In this installment, let’s actually look at the genetic basis for showing that new information in organisms has appeared many, many times.
First of all, let’s discuss some principles of population genetics that relate to the definitions of information we discussed last post.
Evolution does not act upon individuals, it acts upon populations. As a population evolves, new alleles (types of a single gene) will appear due to mutation and other events. Some of these alleles will increase fitness, some will decrease it, and some will have no effect at all. As natural selection acts upon the population over time, the frequency of these alleles will change. And that, in a nutshell, is evolution.
Mutations, gene duplications and other events that change the genome can be seen as adding Shannon information. The added information may or may not “make sense,” but it increases the randomness of the genome while decreasing compressibility- the definition of Shannon information. Then, as natural selection acts upon the variation produced by such events, randomness and compressibility is decreased- an increase in complexity information. But this is a dynamic process; as complexity increases in one area of the genome, mutation may cause randomness to increase in another. There is plenty of information here, and it is ever-changing.
A common misconception is that the information content (either in terms of Shannon information or complexity) of a genome is directly related to how “simple” or “advanced” we perceive that organism to be. There is no such relation. Some very interesting data on animal genome size measured in picograms shows this easily.
The organism with the largest genome isn’t us humans. It isn’t even a primate or a mammal. It’s an amoeba, Chaos chaos, with a whopping 1400 pg genome (the average mammal has a wimpy 3.47 pgs)! Among vertebrates, the award goes to the marbled lungfish (talk about primitive animals!) with 132.83 pg. Among mammals, the winner is the red viscacha rat with 8.40 pg. How about the primates? The winner is the tarsier, a bushbaby-like critter with a genome of 5.26 pg.
So how do we stack up with the apes?
Human- 3.50 pg
Chimpanzee- 3.46 to 3.85 pg
Gorilla- 3.52 to 4.16 pg
Orangutan- 3.6 to 4. 1 pg.
So, as this shows, size isn’t everything.
It is also a common misconception that the “purpose” or “trend” in evolution is to produce increasingly-complex organisms. There is no trend in evolution towards ever-increasing complexity, nor is there a reason to be one. Evolution favors what works, not what is most complex. If what works in a population is simple, then simple will be favored, and evolution will show increasing simplicity. This explains, for example, the loss of some features in parasitic organisms. Evolution also has no “purpose” or “direction.” It isn’t headed anywhere in particular.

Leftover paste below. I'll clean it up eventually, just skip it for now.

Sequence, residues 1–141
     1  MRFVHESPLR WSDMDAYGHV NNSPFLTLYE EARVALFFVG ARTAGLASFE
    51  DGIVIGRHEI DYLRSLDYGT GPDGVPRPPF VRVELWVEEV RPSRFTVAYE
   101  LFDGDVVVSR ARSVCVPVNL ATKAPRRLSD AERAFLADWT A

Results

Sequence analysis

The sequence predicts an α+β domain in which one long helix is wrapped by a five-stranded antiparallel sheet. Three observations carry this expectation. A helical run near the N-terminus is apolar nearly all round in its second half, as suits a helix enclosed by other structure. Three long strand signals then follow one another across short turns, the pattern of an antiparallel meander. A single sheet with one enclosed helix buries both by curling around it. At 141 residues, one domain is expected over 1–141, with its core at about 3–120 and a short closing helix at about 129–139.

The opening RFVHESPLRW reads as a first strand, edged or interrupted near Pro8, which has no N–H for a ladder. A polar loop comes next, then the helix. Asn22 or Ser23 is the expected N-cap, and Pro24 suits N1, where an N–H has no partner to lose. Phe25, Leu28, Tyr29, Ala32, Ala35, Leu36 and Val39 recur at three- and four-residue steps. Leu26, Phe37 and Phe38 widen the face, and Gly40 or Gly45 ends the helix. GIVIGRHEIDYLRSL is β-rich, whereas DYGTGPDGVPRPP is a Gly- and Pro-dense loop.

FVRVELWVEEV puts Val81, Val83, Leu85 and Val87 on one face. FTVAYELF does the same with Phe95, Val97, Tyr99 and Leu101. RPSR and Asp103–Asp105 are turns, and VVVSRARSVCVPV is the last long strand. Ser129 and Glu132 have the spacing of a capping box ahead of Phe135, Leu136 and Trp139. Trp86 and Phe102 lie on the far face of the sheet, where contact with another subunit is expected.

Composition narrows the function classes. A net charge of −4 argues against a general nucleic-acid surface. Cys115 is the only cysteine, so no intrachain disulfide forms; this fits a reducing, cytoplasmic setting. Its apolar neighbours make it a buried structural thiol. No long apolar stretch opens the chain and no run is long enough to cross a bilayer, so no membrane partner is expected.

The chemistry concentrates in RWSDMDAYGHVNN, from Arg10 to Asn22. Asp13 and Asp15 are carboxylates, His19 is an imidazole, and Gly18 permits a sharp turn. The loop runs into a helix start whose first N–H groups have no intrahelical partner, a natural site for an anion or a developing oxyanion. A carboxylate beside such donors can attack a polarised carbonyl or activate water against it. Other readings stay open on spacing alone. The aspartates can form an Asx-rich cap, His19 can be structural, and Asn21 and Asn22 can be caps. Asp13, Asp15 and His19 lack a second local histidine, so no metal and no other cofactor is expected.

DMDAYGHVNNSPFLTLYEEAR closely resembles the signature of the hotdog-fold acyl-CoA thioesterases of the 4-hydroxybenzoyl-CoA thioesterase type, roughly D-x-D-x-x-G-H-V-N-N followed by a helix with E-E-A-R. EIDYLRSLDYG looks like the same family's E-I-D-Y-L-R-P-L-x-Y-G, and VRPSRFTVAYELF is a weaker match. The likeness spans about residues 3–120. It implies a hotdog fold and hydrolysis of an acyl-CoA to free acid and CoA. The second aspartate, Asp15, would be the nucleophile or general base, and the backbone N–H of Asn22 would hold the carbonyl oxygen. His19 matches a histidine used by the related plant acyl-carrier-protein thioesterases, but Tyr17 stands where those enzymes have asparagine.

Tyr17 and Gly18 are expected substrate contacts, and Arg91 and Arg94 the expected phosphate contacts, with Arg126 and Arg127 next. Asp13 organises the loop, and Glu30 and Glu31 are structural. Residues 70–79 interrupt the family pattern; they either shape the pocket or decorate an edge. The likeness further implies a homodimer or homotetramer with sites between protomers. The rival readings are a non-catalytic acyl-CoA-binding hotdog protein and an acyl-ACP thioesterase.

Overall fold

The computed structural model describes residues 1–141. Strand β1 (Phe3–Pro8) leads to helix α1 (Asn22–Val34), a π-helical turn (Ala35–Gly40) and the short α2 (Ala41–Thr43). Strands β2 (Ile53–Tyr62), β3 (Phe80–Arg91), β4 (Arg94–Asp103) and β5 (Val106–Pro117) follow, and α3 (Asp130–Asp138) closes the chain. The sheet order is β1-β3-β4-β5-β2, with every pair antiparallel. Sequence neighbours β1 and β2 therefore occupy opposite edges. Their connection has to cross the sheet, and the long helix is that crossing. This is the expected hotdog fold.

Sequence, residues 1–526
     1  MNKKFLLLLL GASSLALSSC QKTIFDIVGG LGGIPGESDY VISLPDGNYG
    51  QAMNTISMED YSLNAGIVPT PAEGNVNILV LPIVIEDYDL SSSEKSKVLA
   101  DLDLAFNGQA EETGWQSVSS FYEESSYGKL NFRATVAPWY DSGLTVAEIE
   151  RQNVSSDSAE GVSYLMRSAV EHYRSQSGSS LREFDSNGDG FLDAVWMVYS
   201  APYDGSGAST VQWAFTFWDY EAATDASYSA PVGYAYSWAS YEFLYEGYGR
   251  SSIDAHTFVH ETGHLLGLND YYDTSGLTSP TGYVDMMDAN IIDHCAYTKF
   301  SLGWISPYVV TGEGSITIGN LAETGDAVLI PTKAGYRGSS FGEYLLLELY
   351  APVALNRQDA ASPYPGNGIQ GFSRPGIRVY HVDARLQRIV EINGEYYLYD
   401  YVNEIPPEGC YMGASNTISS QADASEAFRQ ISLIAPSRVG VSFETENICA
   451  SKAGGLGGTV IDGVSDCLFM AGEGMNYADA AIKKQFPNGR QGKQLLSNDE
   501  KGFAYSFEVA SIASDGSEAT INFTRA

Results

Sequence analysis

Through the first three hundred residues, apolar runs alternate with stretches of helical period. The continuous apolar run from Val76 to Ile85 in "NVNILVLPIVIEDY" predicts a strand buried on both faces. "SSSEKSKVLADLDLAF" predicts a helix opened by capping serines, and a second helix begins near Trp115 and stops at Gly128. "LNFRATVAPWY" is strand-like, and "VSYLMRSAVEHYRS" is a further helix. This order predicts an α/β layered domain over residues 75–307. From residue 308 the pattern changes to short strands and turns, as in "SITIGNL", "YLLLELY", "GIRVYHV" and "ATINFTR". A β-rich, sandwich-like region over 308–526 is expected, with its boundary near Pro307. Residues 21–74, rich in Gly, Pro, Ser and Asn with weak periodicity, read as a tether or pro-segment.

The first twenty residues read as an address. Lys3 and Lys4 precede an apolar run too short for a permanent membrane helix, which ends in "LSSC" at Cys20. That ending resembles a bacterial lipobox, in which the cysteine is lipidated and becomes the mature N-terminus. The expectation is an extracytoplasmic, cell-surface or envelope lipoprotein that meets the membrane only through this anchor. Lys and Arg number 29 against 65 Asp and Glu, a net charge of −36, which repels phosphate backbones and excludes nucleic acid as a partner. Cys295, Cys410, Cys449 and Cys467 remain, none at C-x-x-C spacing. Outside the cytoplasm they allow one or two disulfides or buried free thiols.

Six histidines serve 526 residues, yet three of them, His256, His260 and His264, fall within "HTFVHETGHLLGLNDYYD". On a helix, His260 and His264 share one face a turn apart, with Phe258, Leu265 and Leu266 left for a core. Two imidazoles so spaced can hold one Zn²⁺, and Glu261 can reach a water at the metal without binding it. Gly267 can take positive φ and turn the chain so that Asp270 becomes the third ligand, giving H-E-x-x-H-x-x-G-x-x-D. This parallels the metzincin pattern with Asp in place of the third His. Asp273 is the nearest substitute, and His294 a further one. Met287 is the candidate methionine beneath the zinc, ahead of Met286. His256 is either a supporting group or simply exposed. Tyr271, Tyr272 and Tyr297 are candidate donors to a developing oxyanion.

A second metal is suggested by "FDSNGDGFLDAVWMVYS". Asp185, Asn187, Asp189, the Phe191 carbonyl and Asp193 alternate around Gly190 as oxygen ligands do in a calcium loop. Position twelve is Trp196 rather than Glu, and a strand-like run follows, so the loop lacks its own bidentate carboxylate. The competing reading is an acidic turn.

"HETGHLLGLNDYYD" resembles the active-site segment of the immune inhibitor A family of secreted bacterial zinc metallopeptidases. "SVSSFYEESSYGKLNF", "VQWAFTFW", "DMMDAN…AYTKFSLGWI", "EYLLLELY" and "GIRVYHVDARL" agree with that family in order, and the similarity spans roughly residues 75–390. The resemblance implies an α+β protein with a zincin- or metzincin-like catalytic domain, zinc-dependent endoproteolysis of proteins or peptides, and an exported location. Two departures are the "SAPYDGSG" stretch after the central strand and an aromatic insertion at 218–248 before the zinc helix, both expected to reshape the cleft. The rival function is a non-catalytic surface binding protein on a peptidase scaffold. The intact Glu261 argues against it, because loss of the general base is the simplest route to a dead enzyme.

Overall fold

All right then. The information in genomes changes over time as information is added or subtracted then acted upon by natural selection. So how about some examples of how this happens?
One of the commonest scenarios for the evolution of completely novel information is gene duplication, where part or all of a gene is doubled. When this happens, the organism can often keep functioning normally, as no genetic material is lost. However, as there are now extra copies of some genetic material, that material is free to mutate, as the original copies retain the original function. This is the most common method by which totally new genes are created. These genes are definitely “new information” in any meaningful sense of the word; they often code for proteins never before observed. As we discussed last installment, as long as one accepts that writing sentences in the English language can lead to new information, one has to accept that writing new sentences in DNA leads to new information.
I decided to query the Medline database, which indexes most journals having to do with genetics, for “gene duplication”, and turned up thousands of studies. Here are just a handful of them- all published in the last four months from April 2007 onwards! In each case, I’ve given a very brief synopsis of the research, along with what the authors had to say about the role of gene duplication in evolution, if stated.
Venom and coagulation factor in Australian snakes
“Proteins with new function originate through gene duplication followed by divergence.”
In several Australian elapid snakes, two similar proteins exist. One codes for a clotting factor very similar to that found in many vertebrates, the other is a venom. The venom arose from a duplication and subsequent mutation of the clotting factor.